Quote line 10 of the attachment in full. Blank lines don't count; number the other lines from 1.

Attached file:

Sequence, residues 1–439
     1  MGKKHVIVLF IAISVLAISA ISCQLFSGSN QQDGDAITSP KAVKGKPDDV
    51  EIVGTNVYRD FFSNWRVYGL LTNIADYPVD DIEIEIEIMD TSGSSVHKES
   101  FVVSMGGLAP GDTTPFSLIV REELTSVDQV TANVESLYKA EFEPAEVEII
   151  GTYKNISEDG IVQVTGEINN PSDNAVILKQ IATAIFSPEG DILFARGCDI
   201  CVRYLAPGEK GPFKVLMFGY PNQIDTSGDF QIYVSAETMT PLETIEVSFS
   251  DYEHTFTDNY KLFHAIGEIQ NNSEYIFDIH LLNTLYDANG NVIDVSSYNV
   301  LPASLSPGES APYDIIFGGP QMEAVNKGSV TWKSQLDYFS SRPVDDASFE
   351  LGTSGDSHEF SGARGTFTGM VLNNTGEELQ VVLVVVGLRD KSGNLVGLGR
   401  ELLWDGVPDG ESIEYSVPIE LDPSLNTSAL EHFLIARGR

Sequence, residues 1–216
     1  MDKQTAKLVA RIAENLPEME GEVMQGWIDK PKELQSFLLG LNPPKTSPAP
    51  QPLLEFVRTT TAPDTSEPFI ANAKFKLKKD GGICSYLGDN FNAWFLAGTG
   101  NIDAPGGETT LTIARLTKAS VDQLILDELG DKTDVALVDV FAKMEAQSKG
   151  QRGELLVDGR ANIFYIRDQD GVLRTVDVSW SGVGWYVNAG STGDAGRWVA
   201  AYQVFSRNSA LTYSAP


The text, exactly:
   401  ELLWDGVPDG ESIEYSVPIE LDPSLNTSAL EHFLIARGR